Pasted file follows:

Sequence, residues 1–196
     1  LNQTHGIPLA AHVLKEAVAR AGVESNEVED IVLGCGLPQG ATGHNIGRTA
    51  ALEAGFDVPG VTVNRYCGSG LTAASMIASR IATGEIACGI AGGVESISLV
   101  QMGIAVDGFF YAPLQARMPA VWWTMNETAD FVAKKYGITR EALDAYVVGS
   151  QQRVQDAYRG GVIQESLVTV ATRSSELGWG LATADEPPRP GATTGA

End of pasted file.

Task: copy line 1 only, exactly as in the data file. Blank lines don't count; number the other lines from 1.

Sequence, residues 1–196